|Photo by Elan Head
Greetings from the Southern Hemisphere! Wrangler News’ editor and a longtime cohort, Don Kirkland, asked me to provide an update on what the Discerning Diner has been doing since leaving U.S. shores in December. So, here’s my first dispatch from Down Under.
You might imagine that wherever she is in the world, the Discerning Diner is eating well. True!
I’m currently living in Melbourne, Australia, which has to be one of the best food and wine cities in the world. Much like, say, San Francisco, pretty much everyone in Melbourne lists “food and wine” as a top interest.
Although the population of the Melbourne metro area is only around 3.8 million people, the restaurant scene here can compete with much larger cities.
I live right downtown – or in the “Central Business District,” as the Aussies call it – so my dining options are particularly good.
Besides any number of wonderful upscale restaurants, there are lots of good, cheap ethnic restaurants in my neighborhood, too. So while I’m definitely spending more than I should be on food, I haven’t quite broken the bank.
One of the best things about Melbourne is its market scene. I live a block and a half from the Queen Victoria Market, the largest open-air market in the Southern Hemisphere.
I pay a visit to this foodie wonderland a few times a week; this morning I picked up the ingredients for a nostalgic American supper of pot roast, mashed potatoes and green beans. The market is a great place to go for breakfast or lunch – yesterday I met a friend there for its legendary bratwurst.
But enough about food! Believe it or not, I’m not in Melbourne simply to eat: currently, I’m also the editor of the helicopter magazine HeliNews (pay me a visit at www.helinews.com.au).
Working for HeliNews has been a fantastic opportunity to meet some really great people and see a big chunk of an amazing continent. In May, I went on a week-long helicopter “safari” to Ayers Rock, or Uluru – that big red rock in the middle of Australia.
Let me tell you, you don’t realize how big this country is until you start flying across it in a helicopter. Outback Australia is as remote and empty as everyone says it is, but it’s also spectacularly beautiful.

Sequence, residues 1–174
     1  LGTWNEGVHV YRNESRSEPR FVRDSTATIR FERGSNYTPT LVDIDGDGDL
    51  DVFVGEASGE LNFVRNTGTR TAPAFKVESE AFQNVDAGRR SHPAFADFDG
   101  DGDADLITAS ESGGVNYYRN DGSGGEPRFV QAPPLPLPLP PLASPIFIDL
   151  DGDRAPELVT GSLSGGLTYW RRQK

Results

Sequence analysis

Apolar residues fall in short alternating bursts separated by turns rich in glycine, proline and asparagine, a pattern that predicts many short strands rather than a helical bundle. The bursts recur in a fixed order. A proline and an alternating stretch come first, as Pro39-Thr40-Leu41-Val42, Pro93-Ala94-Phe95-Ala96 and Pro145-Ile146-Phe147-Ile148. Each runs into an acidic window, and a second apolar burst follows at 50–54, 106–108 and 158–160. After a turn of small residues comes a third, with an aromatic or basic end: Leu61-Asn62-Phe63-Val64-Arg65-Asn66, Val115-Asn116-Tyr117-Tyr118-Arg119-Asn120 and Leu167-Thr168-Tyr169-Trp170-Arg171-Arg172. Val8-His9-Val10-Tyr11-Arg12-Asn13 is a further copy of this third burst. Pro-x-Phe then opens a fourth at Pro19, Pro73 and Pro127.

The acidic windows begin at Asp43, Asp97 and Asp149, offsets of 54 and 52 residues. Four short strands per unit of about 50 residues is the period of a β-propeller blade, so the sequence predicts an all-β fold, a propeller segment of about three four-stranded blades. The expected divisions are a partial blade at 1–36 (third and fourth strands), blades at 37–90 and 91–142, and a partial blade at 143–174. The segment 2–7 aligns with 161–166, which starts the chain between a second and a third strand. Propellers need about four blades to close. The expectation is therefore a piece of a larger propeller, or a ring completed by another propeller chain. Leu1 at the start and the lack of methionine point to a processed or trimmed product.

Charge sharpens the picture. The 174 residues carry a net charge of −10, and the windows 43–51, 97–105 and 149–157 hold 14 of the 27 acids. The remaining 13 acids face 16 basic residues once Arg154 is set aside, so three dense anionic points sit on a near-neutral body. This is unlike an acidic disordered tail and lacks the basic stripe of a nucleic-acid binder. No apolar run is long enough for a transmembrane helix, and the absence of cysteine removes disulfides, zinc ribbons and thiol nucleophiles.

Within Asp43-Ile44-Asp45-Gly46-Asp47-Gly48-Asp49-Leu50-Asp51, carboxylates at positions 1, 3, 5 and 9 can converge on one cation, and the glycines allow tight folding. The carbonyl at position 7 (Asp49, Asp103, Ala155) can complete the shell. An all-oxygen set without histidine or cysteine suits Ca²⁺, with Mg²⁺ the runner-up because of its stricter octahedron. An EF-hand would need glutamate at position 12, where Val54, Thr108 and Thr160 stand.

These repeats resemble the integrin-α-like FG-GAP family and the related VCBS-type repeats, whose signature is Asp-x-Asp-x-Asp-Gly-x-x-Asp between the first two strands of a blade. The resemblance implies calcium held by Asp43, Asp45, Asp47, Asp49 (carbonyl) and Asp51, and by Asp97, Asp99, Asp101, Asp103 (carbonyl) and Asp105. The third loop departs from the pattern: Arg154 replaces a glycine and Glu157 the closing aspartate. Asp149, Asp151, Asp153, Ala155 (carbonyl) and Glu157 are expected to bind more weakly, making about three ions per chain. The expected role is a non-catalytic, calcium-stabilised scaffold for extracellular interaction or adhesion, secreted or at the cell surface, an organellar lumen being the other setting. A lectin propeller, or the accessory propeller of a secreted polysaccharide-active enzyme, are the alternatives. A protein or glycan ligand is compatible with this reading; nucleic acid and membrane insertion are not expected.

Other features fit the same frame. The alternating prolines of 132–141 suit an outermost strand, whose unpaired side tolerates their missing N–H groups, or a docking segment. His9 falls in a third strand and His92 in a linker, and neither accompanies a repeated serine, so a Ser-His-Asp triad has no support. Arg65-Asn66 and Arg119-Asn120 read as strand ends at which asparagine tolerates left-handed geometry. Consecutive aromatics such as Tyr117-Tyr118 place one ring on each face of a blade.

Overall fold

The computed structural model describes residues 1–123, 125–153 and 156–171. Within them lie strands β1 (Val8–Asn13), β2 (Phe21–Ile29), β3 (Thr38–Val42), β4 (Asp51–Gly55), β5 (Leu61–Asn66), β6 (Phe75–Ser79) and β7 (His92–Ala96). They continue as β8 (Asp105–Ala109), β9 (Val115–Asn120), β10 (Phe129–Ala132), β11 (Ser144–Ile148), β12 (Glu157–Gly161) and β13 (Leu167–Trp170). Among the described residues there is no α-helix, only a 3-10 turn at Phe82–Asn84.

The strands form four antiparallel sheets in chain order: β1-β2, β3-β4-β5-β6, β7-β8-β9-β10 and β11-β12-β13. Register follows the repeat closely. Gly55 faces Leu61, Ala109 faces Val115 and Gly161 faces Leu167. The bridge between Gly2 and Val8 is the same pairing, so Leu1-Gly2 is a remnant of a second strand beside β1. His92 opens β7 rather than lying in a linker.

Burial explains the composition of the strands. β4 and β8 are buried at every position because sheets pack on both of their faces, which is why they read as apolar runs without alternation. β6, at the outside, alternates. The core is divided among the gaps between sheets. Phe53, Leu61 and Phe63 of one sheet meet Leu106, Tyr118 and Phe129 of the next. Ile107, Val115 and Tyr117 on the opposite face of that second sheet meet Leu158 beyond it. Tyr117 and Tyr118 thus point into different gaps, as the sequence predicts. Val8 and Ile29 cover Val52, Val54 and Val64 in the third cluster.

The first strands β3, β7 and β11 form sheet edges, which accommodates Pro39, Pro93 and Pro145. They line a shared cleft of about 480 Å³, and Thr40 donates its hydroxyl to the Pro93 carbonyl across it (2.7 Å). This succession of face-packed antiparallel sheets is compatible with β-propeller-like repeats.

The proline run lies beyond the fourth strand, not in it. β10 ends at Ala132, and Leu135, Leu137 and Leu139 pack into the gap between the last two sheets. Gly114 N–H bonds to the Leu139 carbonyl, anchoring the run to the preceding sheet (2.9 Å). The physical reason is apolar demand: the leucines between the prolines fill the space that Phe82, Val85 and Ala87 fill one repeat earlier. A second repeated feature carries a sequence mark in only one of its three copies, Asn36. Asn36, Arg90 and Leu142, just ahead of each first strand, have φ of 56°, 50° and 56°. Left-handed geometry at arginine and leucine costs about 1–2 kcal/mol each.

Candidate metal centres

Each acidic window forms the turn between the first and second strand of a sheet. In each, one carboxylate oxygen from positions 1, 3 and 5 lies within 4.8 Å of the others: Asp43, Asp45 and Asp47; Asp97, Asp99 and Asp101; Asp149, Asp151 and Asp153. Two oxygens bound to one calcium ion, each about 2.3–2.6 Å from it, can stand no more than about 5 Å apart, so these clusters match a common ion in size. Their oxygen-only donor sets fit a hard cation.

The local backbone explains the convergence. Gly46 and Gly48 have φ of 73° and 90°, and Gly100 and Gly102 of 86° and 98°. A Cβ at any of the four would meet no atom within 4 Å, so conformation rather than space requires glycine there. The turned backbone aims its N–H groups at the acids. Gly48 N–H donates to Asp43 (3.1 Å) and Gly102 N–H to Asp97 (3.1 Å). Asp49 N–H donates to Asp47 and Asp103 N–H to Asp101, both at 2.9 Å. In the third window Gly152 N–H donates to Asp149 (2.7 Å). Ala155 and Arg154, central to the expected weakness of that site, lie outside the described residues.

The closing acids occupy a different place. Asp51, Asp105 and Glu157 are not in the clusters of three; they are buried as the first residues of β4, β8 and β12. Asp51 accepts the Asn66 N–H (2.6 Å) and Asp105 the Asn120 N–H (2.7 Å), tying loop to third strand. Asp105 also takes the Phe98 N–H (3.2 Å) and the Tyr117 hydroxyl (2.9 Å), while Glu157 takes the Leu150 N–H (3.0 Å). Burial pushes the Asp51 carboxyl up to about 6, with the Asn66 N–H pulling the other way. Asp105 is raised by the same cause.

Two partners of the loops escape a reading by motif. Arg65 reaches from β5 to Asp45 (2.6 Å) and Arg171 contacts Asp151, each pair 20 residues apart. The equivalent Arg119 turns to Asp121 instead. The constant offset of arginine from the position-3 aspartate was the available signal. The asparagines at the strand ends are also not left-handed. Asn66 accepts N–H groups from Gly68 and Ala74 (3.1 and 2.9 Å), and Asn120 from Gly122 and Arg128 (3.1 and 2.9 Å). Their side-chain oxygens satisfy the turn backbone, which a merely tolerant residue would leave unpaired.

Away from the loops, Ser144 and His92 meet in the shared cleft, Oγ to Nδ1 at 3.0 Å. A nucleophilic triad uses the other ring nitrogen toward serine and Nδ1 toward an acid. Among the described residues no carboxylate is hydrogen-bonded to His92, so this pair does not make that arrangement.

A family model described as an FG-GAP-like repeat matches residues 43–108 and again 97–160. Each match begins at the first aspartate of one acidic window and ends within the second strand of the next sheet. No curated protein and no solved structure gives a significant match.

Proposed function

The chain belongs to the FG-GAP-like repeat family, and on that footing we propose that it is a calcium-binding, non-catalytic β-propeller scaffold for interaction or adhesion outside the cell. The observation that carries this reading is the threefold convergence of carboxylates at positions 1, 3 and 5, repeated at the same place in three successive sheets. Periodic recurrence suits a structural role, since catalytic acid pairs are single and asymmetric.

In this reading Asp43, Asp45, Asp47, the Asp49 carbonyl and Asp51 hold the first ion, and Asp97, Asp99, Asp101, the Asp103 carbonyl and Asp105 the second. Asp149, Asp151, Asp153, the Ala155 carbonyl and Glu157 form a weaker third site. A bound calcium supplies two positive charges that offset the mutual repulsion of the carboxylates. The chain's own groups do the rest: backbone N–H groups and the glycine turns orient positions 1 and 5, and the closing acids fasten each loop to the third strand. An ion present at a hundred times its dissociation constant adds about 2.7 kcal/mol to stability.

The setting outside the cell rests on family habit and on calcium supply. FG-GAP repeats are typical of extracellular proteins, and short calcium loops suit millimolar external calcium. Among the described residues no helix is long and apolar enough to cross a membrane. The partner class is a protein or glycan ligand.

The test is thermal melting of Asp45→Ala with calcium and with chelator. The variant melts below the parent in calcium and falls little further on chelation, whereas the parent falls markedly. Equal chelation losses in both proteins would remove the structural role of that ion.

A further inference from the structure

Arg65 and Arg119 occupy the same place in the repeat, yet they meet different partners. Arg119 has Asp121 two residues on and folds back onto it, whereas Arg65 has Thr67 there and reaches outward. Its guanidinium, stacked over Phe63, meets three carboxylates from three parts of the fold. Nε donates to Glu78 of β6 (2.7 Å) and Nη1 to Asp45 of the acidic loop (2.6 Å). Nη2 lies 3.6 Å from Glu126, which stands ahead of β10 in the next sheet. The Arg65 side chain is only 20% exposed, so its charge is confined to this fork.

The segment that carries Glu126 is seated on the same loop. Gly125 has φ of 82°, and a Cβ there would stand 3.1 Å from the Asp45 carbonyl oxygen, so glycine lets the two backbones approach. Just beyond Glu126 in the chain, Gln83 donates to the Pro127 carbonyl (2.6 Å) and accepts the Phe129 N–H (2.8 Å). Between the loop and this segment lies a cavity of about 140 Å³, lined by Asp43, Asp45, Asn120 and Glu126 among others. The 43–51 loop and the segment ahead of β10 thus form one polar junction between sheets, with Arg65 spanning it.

I did another long, cross-country trip in June, when I accompanied a friend to his cattle station near Mount Isa, Queensland, for some helicopter “mustering.”
Herding cattle by helicopter is something that’s done occasionally in the U.S., but it’s much more common in Australia, where the cattle ranches, or “stations,” are generally much larger.
It’s some seriously crazy flying (and consequently a lot of fun).
Having grown up on cattle stations in New Mexico, it was great to see how they do things Down Under. I will say that the “jackaroos” and “jillaroos” in Australia work just as hard as the cowboys and cowgirls in the United States – and eat just as few green, leafy vegetables! (Wherever you are in the world, the ranch diet is all about meat.)
Another one of my standout experiences was a week in Wanaka, New Zealand, where I attended the Warbirds Over Wanaka air show and did some mountain flying training at Wanaka Helicopters.
Wanaka is truly one of the most beautiful places in the world – it should be on everyone’s list of places to see before they die.
And that’s the word from Australia. I hope everyone is staying cool up there: tired as I am of this Melbourne winter, I can’t say I miss the Arizona heat.